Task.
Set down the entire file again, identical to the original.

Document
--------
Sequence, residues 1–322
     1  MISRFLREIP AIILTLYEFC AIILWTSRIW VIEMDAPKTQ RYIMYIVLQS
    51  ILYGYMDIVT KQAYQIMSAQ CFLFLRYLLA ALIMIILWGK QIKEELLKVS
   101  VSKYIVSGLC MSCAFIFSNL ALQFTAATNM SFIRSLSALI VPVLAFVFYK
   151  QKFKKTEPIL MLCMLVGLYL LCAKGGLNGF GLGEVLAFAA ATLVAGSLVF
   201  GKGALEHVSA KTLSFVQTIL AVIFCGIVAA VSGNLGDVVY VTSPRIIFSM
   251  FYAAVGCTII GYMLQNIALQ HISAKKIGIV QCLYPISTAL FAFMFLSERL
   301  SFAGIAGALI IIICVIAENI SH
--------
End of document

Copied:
Sequence, residues 1–322
     1  MISRFLREIP AIILTLYEFC AIILWTSRIW VIEMDAPKTQ RYIMYIVLQS
    51  ILYGYMDIVT KQAYQIMSAQ CFLFLRYLLA ALIMIILWGK QIKEELLKVS
   101  VSKYIVSGLC MSCAFIFSNL ALQFTAATNM SFIRSLSALI VPVLAFVFYK
   151  QKFKKTEPIL MLCMLVGLYL LCAKGGLNGF GLGEVLAFAA ATLVAGSLVF
   201  GKGALEHVSA KTLSFVQTIL AVIFCGIVAA VSGNLGDVVY VTSPRIIFSM
   251  FYAAVGCTII GYMLQNIALQ HISAKKIGIV QCLYPISTAL FAFMFLSERL
   301  SFAGIAGALI IIICVIAENI SH